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Dealing with a parent that has Alzheimer's

  1. shanmarie profile image80
    shanmarieposted 4 years ago

    I am in the process of writing a novel about the way Alzheimer's affects the entire family and not just the patient.  However, many responses I have received in from those trying to assist are from people such as grandchildren of the patient.  I would appreciate hearing stories from anyone whose has personally had to watch a parent go through the disease, especially if you were the caregiver. 

    I know these stories are intensely personal, so please believe me when I say that I appreciate every word!  If you prefer, you can contact me directly to comment.


    1. profile image0
      Brenda Durhamposted 4 years agoin reply to this

      Hi shanmarie.
      I was the caregiver for my Mom for about a year and a half,  and before that,  I saw my brothers in the same role as caregiver for years.   
      You're right,  it's intensely personal,  and there's a stigma attached to it,  people are naturally scared of it!   Especially younger people who don't understand/can't relate to it.   But I believe more and more people are learning just how common this condition is and are trying to deal with it better.

      I don't know where to start, really.  A God-fearing, hard-working, intelligent, honest, loving, woman who had raised 7 kids and cared for her aging husband during his last years........seemingly changed into a stranger who didn't even know her own children nor remember much about her late husband.     I think grief over my Dad's death and her loneliness after that had some effect on Mom's memory, I really do.   But then, I also realize from all evidence that it's simply the aging process that causes Alzheimers. 
      This disease takes prisoners and holds them captive;  it picks people randomly and has no mercy. 

      But I will tell you this--------it doesn't change a person's soul.   My Mom may have forgotten who I was, but she never forgot our God!   He held onto her, and she held onto Him, and so what I watched during those years was a miracle of Faith, really.    That is, when I had time and energy to even recognize it.    Because caring for someone in that condition will wear you down and drain you of mental and emotional and physical strength if you don't have someone else to help you.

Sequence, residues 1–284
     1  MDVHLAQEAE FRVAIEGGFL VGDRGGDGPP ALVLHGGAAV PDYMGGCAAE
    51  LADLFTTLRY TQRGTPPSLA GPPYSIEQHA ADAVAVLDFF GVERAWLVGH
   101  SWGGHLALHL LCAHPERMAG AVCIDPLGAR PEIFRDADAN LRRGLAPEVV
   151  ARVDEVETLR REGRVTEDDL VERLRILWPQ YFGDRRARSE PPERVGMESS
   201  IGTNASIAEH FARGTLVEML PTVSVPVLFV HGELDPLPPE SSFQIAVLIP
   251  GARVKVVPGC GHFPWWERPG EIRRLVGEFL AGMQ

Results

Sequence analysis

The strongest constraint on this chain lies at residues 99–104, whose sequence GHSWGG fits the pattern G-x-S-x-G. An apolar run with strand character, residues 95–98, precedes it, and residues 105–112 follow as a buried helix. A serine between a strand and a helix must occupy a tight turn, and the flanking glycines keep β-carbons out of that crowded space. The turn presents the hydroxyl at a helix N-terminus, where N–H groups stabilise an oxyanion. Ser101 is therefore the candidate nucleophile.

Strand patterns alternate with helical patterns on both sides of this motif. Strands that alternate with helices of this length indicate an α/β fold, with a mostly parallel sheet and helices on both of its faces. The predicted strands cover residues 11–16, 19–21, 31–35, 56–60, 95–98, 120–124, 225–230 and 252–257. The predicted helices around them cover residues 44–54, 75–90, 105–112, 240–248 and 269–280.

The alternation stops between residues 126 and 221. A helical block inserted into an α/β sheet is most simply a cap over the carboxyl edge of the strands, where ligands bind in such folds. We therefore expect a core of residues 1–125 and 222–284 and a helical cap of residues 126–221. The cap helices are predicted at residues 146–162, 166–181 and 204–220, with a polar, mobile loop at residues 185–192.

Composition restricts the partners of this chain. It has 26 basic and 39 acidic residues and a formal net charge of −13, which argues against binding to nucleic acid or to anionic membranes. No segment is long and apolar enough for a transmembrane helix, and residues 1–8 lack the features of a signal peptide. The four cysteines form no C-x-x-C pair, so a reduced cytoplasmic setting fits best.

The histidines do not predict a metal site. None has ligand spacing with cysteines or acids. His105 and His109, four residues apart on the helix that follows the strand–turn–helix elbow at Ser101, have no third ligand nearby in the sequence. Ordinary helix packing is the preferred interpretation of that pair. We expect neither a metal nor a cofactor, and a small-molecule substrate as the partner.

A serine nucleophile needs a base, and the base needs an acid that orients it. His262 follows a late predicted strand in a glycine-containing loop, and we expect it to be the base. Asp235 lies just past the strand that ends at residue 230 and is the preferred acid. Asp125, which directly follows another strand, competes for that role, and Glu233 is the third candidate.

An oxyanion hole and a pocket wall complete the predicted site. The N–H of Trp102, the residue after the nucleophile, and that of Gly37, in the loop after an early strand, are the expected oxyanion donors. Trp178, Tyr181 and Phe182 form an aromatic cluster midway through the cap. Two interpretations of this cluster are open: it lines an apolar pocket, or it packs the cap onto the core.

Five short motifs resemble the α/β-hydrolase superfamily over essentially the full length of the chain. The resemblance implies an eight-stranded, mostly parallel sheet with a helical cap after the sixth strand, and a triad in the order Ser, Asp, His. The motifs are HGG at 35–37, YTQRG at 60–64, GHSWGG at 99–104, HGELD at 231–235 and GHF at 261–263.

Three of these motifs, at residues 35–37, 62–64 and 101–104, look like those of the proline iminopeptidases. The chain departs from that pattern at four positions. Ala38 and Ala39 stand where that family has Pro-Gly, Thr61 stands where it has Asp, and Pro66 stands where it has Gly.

I could say a lot about this.   I'll try to contact you personally when I get some time..............

      1. shanmarie profile image80
        shanmarieposted 4 years agoin reply to this

        Thank you so much!  I know it is hard to talk about, but I appreciate it more than you know.  Are we allowed to give out email addresses in here?

        1. wilderness profile image96
          wildernessposted 4 years agoin reply to this

          If you have allowed contacting you, it's on your profile for anyone.  Or at least an address through HP that will get to you.

          1. shanmarie profile image80
            shanmarieposted 4 years agoin reply to this


            1. profile image0
              Brenda Durhamposted 4 years agoin reply to this

              I just now e-mailed you via Hubpages about this.
              Feel free to reply and ask questions of me.
              This is a worthy cause, to bring this disease even further into the light for the understanding and comfort of both the person who has Alzheimers, those who care about them, and the general population overall.   As I said in my e-mail,  I think Alzheimers for the most part is simply one of the results of aging,  so I'm not really hopeful for a "cure" of it,  but there are some people who develop it at much younger ages too.

              I don't even mind if you wanna ask questions here in this thread too.  A lot more people than is realized go through this, and it's good, like I said, to talk about this.   If a question or situation gets too personal for public discussion, we can always use the privacy of e-mail to discuss that.

              1. shanmarie profile image80
                shanmarieposted 4 years agoin reply to this

                Thank you. I greatly appreciate it. I received your message, but I will go ahead and post my questions here in case anyone else might be willing to answer as well.  I know you say you don't hold much hope for a cure, but I would hope to be able to help raise some funds for a cure though sales of this novel.

                I am writing a novel about how the family of an Alzheimer’s patient is affected by the disease for the purpose of publication.  My aim is to write a compelling work of fiction that paints a complete picture of what it is like for a family to suffer through Alzheimer’s because although the patient is the one diagnosed with the illness, the entire family goes through it as well.